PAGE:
UK shoppers spent nearly one fifth more on cameras this Christmas than they did at the same time last year. Market research company GfK's figures show that although camera sales volumes only rose a little, the amount of money spent between December 20 and 26th climbed by 19%. Fixed-lens (compact) cameras led the way, with unit sales up 2%, while interchangeable lens cameras sales volumes fell 4%. However, because the average selling price of interchangeable lens cameras has increased since late 2008, their sales were up 20% by value.
'The reason for the fall in sales of changeable lens over the second half of 2009 is clear,' said Matthew Gibbs, GfK Account Director for Photo: 'the average changeable lens camera sold in this week was 25% more expensive than the same week in 2008. More consumers as a result have opted for a top-end fixed lens model. Given a price uplift of a quarter though, a drop of only 4% in units is not actually all that dramatic.' This shift to high-end compacts was accompanied by an increase in the value of sales, with the 2% boost in units sold leading to an 18% increase by value. 'Retailers have not discounted to anything like the same degree,' said Gibbs: 'not only were more consumers buying a fixed lens camera, they were spending on average 17% more on their camera than a year ago.'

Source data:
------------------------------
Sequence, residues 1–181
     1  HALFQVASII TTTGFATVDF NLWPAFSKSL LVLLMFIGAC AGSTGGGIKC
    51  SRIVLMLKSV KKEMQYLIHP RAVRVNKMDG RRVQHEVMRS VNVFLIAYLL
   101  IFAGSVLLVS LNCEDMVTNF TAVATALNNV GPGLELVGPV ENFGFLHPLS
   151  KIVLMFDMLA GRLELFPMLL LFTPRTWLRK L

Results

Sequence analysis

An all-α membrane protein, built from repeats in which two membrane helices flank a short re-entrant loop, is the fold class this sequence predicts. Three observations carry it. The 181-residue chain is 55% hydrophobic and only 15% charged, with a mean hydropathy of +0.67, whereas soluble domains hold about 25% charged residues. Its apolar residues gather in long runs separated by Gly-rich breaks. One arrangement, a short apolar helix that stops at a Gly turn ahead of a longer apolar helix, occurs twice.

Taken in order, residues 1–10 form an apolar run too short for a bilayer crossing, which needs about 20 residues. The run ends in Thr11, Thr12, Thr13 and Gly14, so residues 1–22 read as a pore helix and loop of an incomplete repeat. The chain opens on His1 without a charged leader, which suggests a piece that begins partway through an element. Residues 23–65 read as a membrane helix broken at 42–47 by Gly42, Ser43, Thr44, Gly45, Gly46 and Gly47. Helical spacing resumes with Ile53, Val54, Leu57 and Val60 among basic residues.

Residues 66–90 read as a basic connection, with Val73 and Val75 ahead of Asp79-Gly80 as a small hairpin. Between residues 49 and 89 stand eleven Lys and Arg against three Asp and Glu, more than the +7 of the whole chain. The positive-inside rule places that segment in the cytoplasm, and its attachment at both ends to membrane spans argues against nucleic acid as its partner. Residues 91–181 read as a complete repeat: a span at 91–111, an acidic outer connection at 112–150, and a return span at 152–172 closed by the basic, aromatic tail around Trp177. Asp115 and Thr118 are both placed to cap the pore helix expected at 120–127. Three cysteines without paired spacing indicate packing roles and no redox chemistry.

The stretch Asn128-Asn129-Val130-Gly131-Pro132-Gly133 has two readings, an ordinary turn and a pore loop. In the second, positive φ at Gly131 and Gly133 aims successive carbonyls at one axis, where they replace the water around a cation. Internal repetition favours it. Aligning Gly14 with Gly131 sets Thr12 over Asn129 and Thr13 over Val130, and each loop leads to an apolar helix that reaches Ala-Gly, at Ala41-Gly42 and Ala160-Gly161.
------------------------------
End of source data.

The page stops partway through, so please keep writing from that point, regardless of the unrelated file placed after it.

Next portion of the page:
The growth in camera sales contrasts with sales in other technology areas, with mobile PC sales making no progress on 2008 figures and LCD TV sales during Christmas week falling 18% compared to the same period last year.
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